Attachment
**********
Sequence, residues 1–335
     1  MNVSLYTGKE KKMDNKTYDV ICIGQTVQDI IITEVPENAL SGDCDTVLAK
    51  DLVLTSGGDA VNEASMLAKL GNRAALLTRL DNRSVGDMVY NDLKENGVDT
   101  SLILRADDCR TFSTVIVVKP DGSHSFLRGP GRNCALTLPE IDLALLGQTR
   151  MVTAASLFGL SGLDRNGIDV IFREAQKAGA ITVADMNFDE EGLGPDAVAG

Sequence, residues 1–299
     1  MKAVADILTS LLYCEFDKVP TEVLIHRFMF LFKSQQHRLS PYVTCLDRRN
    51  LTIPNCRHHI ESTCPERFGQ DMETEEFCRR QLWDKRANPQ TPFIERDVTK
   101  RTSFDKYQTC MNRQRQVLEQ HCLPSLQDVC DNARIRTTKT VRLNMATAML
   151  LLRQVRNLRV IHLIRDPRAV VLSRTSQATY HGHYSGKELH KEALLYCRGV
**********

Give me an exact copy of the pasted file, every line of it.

Sequence, residues 1–335
     1  MNVSLYTGKE KKMDNKTYDV ICIGQTVQDI IITEVPENAL SGDCDTVLAK
    51  DLVLTSGGDA VNEASMLAKL GNRAALLTRL DNRSVGDMVY NDLKENGVDT
   101  SLILRADDCR TFSTVIVVKP DGSHSFLRGP GRNCALTLPE IDLALLGQTR
   151  MVTAASLFGL SGLDRNGIDV IFREAQKAGA ITVADMNFDE EGLGPDAVAG

Sequence, residues 1–299
     1  MKAVADILTS LLYCEFDKVP TEVLIHRFMF LFKSQQHRLS PYVTCLDRRN
    51  LTIPNCRHHI ESTCPERFGQ DMETEEFCRR QLWDKRANPQ TPFIERDVTK
   101  RTSFDKYQTC MNRQRQVLEQ HCLPSLQDVC DNARIRTTKT VRLNMATAML
   151  LLRQVRNLRV IHLIRDPRAV VLSRTSQATY HGHYSGKELH KEALLYCRGV